August 12, 2022

Lewis Hamilton is the F1 version of the great British interwar king of speed George Eyston, known as The record holder. Hamilton holds far too many records to list here, but suffice it to say he jointly holds the record for seven F1 World Championships with Michael Schumacher, as well as those for race wins and pole positions (by fortuitous clarity , 103 of each).

But even his most ardent fans are beginning to wonder if he will break any more records this season. And there is a very special one that he must fervently hope to keep.

F1 NATION: Horner, Ricciardo, Norris & more look back on Azerbaijan GP as Verstappen extends title lead

Since the inauguration of the FIA ​​Formula 1 World Championship in 1950, there have been 34 champions: Giuseppe Farina; Juan Manuel Fangio, Alberto Ascari; Mike Hawthorn; Jack Brabham; Phil Hill; Graham Hill; Jim Clark; John Surtes; Denny Hulme; Jackie Stewart; Jochen Rindt; Emerson Fittipaldi; Nikki Lauda; James Hunt; Mario Andretti; Jody Scheckter; Alan Jones; Nelson Piquet; Keke Rosberg; Alain Prost; Ayrton Senna; Nigel Mansell; Michael Schumacher; Damon Hill; Jacques Villeneuve; Mika Hakkinen; Fernando Alonso; Kimi Raikkonen; Lewis Hamilton; Jenson Button; Sebastian Vettel; Nico Rosberg and Max Verstappen.

But in that moment Lewis has done something none of them have succeeded in: he has won at least one Grand Prix in every year he has competed in F1. Even in years when he had mediocre cars, including 2009 and 2013, he managed two and one respectively.

Hamilton holds the record of being the only driver to win a Grand Prix in every season he has competed in – but can he extend that record this year?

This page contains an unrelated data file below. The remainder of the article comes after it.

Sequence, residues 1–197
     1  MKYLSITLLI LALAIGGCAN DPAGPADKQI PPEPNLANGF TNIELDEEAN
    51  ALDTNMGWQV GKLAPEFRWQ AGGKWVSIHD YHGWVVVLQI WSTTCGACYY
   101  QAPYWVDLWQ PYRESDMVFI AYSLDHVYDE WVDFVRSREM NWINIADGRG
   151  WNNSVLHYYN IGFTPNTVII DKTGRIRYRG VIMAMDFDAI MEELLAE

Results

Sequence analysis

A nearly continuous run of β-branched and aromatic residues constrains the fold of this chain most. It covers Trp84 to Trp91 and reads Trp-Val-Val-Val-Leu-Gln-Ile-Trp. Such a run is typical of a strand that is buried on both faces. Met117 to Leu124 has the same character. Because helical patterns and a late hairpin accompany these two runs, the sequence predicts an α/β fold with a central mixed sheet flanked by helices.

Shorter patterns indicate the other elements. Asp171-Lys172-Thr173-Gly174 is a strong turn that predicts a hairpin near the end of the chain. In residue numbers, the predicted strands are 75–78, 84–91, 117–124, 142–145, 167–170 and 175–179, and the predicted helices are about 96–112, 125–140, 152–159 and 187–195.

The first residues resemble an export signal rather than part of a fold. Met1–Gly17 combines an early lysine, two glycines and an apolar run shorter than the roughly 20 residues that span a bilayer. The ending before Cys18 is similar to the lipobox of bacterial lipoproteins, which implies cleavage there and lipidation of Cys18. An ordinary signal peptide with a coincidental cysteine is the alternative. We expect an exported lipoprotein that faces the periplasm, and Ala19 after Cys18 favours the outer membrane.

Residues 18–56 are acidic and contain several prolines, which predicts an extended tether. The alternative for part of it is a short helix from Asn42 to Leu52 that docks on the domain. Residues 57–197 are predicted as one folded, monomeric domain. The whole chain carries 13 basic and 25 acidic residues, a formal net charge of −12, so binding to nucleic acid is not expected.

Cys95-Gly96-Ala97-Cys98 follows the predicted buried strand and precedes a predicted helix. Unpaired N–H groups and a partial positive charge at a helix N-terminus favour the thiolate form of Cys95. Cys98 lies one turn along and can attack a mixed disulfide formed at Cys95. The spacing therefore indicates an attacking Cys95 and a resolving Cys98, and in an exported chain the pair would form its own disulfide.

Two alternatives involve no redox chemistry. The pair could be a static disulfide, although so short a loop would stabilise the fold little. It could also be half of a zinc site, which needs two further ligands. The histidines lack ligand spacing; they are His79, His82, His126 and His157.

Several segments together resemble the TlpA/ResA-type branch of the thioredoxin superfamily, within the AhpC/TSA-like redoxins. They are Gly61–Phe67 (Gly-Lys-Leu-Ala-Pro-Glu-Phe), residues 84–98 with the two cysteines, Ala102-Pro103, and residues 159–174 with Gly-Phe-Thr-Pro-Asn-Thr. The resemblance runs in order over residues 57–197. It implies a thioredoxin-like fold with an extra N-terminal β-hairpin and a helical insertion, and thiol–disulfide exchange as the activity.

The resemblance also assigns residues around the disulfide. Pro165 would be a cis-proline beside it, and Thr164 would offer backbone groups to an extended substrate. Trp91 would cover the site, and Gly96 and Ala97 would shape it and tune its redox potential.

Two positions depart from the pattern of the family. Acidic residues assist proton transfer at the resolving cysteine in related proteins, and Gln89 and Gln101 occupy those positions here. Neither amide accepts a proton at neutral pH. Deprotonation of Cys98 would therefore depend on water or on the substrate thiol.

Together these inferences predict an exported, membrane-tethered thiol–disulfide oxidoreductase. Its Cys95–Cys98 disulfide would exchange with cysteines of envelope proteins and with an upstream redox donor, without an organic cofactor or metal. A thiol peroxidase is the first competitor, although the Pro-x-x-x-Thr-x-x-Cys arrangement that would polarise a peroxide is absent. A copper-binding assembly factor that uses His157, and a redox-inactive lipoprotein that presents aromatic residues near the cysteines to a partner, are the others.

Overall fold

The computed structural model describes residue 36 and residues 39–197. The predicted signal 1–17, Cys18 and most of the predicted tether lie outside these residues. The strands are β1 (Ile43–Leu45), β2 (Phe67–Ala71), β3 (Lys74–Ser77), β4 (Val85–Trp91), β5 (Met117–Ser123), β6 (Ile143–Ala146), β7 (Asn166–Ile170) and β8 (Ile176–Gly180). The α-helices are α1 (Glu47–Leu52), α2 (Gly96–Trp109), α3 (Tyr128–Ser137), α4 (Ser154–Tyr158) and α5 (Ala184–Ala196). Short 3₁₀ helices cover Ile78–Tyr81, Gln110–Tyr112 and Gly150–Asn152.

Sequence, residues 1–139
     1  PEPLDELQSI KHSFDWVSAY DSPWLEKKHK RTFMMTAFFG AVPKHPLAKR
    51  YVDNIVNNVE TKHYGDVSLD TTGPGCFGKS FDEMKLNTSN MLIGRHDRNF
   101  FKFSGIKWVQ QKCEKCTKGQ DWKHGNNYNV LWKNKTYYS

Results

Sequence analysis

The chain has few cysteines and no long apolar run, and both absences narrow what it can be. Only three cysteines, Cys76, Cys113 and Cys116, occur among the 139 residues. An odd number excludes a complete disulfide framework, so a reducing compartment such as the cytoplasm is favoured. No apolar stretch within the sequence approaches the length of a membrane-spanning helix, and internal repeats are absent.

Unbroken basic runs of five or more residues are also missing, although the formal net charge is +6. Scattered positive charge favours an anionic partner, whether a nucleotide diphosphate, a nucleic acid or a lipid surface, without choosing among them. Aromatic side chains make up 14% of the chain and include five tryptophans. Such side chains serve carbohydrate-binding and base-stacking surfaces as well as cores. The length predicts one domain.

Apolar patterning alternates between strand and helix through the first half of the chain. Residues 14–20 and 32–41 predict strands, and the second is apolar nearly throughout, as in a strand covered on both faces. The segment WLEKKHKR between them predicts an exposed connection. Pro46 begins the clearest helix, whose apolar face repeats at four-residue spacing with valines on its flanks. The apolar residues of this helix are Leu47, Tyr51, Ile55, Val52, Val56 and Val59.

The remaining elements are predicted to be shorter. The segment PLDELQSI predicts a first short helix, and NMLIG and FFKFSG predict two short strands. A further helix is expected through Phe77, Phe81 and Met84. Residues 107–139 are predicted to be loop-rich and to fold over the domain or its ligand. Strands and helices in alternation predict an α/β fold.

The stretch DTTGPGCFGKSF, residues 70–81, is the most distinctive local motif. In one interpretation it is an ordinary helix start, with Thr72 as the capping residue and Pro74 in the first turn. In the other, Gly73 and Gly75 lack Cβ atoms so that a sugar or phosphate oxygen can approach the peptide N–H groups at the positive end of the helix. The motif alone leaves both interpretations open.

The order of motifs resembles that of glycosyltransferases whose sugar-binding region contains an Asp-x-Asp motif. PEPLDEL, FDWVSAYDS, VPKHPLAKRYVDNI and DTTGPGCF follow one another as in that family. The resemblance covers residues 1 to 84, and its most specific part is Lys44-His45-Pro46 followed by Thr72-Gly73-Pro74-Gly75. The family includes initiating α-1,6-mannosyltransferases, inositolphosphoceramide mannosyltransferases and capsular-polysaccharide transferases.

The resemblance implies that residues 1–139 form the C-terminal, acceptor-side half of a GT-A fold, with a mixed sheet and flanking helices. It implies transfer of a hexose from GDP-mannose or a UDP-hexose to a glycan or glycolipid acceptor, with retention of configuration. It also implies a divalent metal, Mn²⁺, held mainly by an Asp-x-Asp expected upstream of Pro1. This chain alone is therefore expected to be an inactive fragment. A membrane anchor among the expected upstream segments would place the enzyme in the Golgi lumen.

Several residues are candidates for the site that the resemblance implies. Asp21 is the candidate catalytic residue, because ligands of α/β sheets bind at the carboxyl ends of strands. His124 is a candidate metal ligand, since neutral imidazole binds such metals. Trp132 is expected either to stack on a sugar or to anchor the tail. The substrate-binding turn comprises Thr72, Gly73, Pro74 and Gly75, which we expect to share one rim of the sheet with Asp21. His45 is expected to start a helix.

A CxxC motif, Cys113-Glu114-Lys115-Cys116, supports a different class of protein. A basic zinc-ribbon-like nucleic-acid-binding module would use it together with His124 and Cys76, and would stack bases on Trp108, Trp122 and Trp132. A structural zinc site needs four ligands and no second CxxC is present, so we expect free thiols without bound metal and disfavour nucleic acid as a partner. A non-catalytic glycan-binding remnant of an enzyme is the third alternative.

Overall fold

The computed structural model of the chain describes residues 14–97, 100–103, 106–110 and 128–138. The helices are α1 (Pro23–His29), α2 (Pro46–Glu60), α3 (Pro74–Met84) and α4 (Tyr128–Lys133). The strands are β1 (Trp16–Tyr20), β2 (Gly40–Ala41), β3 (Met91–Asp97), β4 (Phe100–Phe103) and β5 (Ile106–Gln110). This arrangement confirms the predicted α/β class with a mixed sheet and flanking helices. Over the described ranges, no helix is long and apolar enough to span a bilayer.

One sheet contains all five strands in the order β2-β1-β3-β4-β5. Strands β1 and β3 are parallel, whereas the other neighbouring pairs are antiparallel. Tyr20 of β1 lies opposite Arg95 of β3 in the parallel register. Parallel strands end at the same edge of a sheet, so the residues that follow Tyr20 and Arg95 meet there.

Like all topliners, there were times when its presence in the cockpit gave some less-than-excellent machines a cachet a lesser driver wouldn’t have been able to bestow. Wouldn’t some of Ayrton’s McLarens, or Michael’s Benettons, have looked less stellar without hands on the wheel?

Again, getting the most out of the best machines is every driver’s goal, and are we criticizing Max Verstappen or Charles Leclerc for the superb job they are currently doing for Red Bull or Ferrari?

READ MORE: 6 winners and 5 losers of the Azerbaijan Grand Prix – Who leaves Baku the happiest?

I mentioned here before that one of my favorite quotes was from boxer Jack Dempsey, who defined a champion as “someone who gets up when he can’t.” I’m sure Tyson Fury would be good at explaining exactly what that means.

And this season we see Lewis having to do just that, with a tough and uncomfortable car to drive. I’m not surprised there are those in the F1 paddock who think he was “getting going” on Sunday night as he struggled to get out of his Mercedes after a solid run to fourth place.

We are all cynical to greater or lesser degrees, and you tend to choose those whose words you tend to believe, and those whose words you regard with, say, a greater degree of caution. In the past, there have been champions who liked to get upset and point out how difficult it all was, but I never saw Lewis as one of them, or as someone who could act in certain ways for political purposes.


George Russell has managed a top-five finish in every race this season with another podium finish in Baku